Getting measurement right is increasingly important for all brands’ marketing efforts. But CPG marketers have a secondary hurdle in this landscape because their products are sold at partnering retail locations, meaning they don’t always have access to the crucial first-party transaction data.
This is where measurement partners like Nielsen Catalina Solutions (NCS) come in. They help CPG brands, as well as brands in other industries, measure and calculate their incremental sales and return on ad spend across campaigns. NCS provides CPG marketers with in-store sales data from nearly 90 million US households, which is calibrated with Nielsen Homescan to be nationally representative of all-outlet US CPG spend. When measuring video marketing campaigns, NCS can compare the in-store purchase data with ad exposure data to measure how the campaign impacted sales at the register.
Recently, our CMO, Jeff Fagel, caught up with Carl Spaulding, executive vice president of product and strategy at NCS, to chat about the state of video advertising measurement. In a wide-ranging interview, we discussed the best practices for executing omnichannel video campaigns, the role of personalization in CPG marketing and what the industry is doing to make it easier to compare digital performance to linear television.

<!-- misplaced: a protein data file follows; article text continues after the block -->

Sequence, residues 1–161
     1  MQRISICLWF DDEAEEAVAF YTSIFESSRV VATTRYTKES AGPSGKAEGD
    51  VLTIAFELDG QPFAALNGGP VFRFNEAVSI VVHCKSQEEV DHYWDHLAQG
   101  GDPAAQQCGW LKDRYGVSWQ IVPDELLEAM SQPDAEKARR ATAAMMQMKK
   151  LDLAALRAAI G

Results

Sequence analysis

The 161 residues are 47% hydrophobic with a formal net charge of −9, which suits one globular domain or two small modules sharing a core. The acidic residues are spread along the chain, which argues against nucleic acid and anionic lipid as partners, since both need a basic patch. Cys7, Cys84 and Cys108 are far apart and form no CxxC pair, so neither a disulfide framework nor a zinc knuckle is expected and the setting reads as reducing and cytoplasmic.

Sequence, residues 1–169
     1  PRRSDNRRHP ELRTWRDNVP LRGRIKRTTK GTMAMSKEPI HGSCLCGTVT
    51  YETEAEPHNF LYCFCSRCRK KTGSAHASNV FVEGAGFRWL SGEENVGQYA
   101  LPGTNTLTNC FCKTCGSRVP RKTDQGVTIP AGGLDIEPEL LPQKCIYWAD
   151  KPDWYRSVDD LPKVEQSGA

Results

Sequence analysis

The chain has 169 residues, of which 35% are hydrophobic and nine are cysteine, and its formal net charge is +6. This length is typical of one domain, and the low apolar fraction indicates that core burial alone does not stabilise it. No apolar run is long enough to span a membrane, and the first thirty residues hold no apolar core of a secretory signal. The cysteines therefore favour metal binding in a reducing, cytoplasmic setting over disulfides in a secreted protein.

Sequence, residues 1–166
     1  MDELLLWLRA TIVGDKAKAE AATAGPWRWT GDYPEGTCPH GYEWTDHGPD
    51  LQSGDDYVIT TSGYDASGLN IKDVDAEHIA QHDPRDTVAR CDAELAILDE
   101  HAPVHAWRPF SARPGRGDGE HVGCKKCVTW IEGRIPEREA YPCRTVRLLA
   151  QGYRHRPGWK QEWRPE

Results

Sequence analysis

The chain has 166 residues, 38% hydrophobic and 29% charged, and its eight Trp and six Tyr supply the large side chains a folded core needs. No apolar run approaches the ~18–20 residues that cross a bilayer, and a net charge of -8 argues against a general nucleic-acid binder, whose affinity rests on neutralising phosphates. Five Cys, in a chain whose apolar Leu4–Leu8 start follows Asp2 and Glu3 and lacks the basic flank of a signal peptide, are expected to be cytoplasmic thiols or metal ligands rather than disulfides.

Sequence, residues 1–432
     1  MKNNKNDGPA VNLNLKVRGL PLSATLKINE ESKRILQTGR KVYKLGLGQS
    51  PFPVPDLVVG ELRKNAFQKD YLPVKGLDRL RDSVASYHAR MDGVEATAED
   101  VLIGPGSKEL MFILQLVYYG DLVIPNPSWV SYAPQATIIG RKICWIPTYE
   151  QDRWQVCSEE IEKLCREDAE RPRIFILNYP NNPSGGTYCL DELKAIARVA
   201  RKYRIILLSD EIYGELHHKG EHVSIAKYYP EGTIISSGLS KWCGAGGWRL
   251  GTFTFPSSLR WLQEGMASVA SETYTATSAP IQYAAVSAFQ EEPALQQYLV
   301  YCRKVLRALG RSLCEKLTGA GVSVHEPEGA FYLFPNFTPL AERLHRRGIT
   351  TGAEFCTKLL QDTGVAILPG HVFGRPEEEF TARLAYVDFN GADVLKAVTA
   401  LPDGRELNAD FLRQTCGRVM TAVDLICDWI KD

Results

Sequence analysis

Jeff Fagel: NCS spends a lot of time quantifying the relative effectiveness of different traditional and digital media channels. Based on your research, what role should digital video play in an omnichannel marketing strategy?
Carl Spaulding: We take an agnostic approach to the different types of media that our advertiser clients are interested in buying and our publisher clients are interested in selling. One of the strengths of NCS is that we have more media data than any competitor in our space in the United States, which allows us to be able to measure not only digital video, but also mobile, linear TV, addressable TV, print and radio.
For a couple of years now, advertisers have been opening up their linear TV budgets in order to fund increasing amounts of Facebook and Google advertising. In order to help them identify the right media mix, we’re going to need cross-media, cross-platform studies that look at the overlap between these channels and the amount of synergy that is driven by that overlap.
Fagel: Advertisers have struggled in the past to compare their digital video performance to linear television. What are some things NCS and other organizations are doing to create a common set of metrics that marketers can use across these two channels?
Spaulding: There’s going to be more and more coordination in the industry between TV and digital video, particularly when it comes to the debate over how many seconds are needed for an ad to count as a video view. We’re working closely with viewability vendors like Moat and Integral Ad Science to create what is, in essence, a new standard for what qualifies as a non-fraudulent, viewable impression. That’s going to have an impact on the perceived CPMs for digital versus linear TV. Intuitively, you realize that if a digital video isn’t seen or isn’t real, it’s not going to result in any sales.